Macoupin County, IL – Simmons Hanly Conroy, one of the nation’s largest law firms focused on consumer protection and mass tort actions, today filed a lawsuit on behalf of Macoupin County, Illinois against pharmaceutical companies and drug distributors over the aggressive and fraudulent marketing of prescription opioid painkillers that has led to a drug epidemic in the county and throughout the nation.

The defendants in the lawsuit include drug makers Purdue Pharma, L.P.; Purdue Pharma, Inc.; The Purdue Frederick Company, Inc.; Abbott Laboratories; Abbott Laboratories, Inc.; Teva Pharmaceuticals USA, Inc.; Cephalon Inc., Johnson & Johnson; Janssen Pharmaceuticals, Inc.; Ortho-McNeil-Janssen Pharmaceuticals, Inc.; Janssen Pharmaceutica, Inc.; Endo Health Solutions Inc.; and Endo Pharmaceuticals, Inc. The drug distributors named in the lawsuit are McKesson Corporation, Cardinal Health, Inc., and AmerisourceBergen Drug Corporation. The American Academy of Pain Medicine, American Geriatric Society, and American Pain Society are also named in today’s lawsuit for working with the manufacturing defendants in promoting opioids to doctors and patients.

In the complaint, the county seeks relief for the cost to the county to combat the public nuisance created by the drug companies’ deceptive marketing campaign that misrepresents the safety and efficacy of long-term opioid use.  Additionally, the complaint alleges that the crisis was fueled and sustained by those involved in the supply chain of opioids, including manufacturers and distributors, who failed to maintain effective controls over the distribution of prescription opioids and who instead have actively sought to evade such controls.

“This lawsuit represents Macoupin County’s dedication to combatting the worst drug crisis our country has seen,” said Simmons Hanly Conroy Shareholder Paul J. Hanly, Jr., lead co-counsel for the county in this case.  “County leaders have concluded that drug companies and distributors must be held accountable. We will work together to seek justice for the residents of Macoupin County.”

“There are Macoupin County residents who have fallen victim to opioid drug companies and distributors,” said State’s Attorney Jennifer Watson.  “This lawsuit represents a strong voice that Macoupin County will not tolerate being victimized any further.”

According to the complaint, opioids contributed to nearly 1,200 overdose deaths in Illinois in 2016, according to data from the Illinois Department of Health. Illinois is one of 14 states that had an 8.3 percent increase in overdose deaths. The number of opioid deaths in Macoupin County from 2015 to 2016 nearly doubled in the small, rural population of about 50,000. The number jumped from six fatal drug overdoses in 2015 to 11 opioid overdose deaths in 2016. Of the 11 fatal opioid overdoses, 10 were from prescription opioids.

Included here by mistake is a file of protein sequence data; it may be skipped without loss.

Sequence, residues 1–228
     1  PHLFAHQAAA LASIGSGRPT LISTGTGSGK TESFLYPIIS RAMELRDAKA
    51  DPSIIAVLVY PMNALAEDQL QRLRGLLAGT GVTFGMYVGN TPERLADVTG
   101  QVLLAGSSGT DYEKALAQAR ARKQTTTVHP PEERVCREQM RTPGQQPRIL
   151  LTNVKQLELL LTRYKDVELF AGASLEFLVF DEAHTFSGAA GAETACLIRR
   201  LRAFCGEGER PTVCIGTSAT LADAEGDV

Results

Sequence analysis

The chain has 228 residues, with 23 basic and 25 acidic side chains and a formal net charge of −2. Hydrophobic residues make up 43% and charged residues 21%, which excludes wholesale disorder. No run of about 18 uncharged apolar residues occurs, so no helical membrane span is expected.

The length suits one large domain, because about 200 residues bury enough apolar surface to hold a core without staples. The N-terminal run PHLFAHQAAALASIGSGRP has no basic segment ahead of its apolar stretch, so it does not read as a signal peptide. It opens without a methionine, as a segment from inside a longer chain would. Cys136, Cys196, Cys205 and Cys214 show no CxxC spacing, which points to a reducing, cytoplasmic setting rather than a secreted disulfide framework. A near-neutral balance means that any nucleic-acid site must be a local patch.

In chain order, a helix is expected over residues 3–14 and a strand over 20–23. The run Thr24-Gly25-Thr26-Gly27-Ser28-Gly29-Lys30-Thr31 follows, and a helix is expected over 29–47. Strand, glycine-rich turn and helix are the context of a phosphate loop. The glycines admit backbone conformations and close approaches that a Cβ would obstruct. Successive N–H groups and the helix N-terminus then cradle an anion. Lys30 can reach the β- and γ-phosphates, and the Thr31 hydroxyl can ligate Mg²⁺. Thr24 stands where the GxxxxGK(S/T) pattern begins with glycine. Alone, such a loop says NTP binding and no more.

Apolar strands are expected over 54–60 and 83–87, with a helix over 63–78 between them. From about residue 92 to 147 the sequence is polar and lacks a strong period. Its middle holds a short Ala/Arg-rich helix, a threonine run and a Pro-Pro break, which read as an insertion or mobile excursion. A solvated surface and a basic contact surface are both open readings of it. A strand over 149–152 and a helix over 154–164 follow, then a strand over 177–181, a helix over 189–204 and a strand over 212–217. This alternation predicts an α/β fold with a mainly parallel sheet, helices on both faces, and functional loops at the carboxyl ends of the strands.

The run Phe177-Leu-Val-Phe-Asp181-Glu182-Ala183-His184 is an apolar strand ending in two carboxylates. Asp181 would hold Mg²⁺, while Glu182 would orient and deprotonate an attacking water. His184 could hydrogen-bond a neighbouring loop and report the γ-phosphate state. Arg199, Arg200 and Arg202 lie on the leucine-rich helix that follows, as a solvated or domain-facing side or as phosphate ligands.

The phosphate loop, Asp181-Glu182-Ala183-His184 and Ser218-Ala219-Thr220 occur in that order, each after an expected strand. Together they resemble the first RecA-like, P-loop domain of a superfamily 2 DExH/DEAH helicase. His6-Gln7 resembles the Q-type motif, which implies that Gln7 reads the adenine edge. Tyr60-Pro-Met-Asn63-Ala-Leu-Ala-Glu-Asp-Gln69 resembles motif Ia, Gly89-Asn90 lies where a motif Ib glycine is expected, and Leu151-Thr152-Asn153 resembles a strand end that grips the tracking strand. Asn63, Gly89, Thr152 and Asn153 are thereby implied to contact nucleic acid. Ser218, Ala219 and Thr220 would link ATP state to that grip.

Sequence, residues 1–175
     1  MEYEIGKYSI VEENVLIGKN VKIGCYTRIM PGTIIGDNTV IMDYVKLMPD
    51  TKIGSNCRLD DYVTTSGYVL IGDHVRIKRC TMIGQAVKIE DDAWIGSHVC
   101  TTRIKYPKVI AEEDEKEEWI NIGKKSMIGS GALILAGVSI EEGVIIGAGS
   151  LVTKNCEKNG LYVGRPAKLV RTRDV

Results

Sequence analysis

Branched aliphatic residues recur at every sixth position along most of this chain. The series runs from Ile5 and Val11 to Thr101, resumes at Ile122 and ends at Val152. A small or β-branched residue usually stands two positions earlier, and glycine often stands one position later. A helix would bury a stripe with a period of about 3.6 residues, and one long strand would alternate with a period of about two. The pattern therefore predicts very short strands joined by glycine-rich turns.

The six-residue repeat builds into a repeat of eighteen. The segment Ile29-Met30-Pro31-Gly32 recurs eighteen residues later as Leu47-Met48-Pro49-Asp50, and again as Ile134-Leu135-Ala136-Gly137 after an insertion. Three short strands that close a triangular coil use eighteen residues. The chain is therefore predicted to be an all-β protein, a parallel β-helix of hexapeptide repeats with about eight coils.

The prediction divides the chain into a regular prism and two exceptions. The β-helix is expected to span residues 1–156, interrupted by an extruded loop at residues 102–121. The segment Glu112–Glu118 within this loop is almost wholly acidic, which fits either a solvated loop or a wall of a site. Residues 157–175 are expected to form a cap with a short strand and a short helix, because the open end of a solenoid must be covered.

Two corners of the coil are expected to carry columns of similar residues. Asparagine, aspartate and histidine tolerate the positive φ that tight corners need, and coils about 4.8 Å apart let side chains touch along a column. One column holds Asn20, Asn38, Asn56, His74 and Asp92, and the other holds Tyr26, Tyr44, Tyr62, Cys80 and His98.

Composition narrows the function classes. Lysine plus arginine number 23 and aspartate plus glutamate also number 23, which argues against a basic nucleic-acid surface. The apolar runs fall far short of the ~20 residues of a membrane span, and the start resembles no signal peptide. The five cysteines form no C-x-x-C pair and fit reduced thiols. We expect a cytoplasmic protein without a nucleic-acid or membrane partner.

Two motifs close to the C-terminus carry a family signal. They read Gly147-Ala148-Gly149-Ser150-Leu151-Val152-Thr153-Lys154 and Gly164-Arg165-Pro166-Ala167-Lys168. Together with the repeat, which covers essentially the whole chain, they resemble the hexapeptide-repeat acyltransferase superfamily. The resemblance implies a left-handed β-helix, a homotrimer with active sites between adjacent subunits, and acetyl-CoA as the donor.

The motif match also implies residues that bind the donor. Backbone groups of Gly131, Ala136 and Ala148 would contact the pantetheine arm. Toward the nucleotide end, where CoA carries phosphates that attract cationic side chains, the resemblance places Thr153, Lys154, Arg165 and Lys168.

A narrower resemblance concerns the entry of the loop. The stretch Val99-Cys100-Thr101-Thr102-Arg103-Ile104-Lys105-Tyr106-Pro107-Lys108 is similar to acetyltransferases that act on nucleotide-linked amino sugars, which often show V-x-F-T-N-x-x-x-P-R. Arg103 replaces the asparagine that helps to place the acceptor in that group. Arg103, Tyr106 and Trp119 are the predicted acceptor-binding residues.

Apart from the toll on human life, the crisis has financially strained the services the county provides its residents and employees. Human services, social services, court services, law enforcement services, the office of the coroner/medical examiner and health services, including hospital, emergency and ambulatory services, have all been severely impacted by the crisis. The defendants’ conduct caused the county to incur substantial economic, administrative and social costs relating to opioid addiction and abuse, including criminal justice costs, victimization costs, child protective services costs, lost productivity costs, and education and prevention program costs, among others.

The lawsuit alleges the defendants sought to create a false perception in the minds of physicians, patients, health care providers and health care payors that using opioids to treat chronic pain was safe for most patients and that the drugs’ benefits outweighed the risks. This was allegedly perpetrated through a coordinated, sophisticated and highly-deceptive promotion and marketing campaign – including unbranded messaging to evade extensive regulatory framework governing branded communications. These communications, which began in the late 1990s, became more aggressive around 2006 and continue today.

Further, the lawsuit alleges that drug distributors have both the obligation and the tools to track suspiciously large surges in prescription opioid demand, including at the level of individual pharmacies or clinics. The lawsuit alleges, however, that the defendants have failed to use these tools to warn public officials about suspicious orders, which they are legally required to do, or to reasonably exercise controls over the obvious oversupply of opioid pills.

The Macoupin County lawsuit follows similar, ongoing actions filed by Simmons Hanly Conroy on behalf of counties across the country. In addition to Illinois, Simmons has represented more than 200 municipalities in California, Colorado, Connecticut, Iowa, Indiana, Georgia, Louisiana, Minnesota, Missouri, New Mexico, New York, North Carolina, Ohio, Pennsylvania, and Wisconsin. In January 2018, Hanly was appointed co-lead counsel of the Multidistrict Opioid Litigation, to oversee all federal litigation brought against pharmaceutical companies and physicians involved in the marketing of prescription opioids. Those cases are being heard in federal court in Ohio.